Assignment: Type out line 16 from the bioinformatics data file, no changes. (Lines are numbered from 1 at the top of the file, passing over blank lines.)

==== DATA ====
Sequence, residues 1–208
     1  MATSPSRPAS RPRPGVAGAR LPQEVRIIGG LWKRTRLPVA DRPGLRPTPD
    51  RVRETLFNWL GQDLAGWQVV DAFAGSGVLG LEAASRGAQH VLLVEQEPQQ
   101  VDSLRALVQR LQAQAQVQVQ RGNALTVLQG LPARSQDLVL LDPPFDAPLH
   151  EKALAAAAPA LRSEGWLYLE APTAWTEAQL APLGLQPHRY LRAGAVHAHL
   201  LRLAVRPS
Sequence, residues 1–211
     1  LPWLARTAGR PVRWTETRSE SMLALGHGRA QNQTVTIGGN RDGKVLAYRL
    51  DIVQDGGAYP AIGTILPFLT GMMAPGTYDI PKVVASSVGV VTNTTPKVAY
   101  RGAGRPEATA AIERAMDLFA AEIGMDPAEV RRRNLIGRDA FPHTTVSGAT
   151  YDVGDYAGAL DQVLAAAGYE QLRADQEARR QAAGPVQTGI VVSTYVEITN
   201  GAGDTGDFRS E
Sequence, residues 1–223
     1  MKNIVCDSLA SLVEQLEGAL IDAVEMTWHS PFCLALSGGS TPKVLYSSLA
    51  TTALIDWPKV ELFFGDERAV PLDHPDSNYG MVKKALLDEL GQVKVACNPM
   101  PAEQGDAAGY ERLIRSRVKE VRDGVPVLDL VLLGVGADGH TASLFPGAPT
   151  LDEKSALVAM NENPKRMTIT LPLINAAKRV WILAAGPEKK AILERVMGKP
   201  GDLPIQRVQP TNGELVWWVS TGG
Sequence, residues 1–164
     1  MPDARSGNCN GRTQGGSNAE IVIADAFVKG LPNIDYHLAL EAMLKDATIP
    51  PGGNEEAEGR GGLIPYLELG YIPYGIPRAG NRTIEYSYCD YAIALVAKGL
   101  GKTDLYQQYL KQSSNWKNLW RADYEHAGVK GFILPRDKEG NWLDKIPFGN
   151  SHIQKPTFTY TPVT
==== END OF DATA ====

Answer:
   101  PAEQGDAAGY ERLIRSRVKE VRDGVPVLDL VLLGVGADGH TASLFPGAPT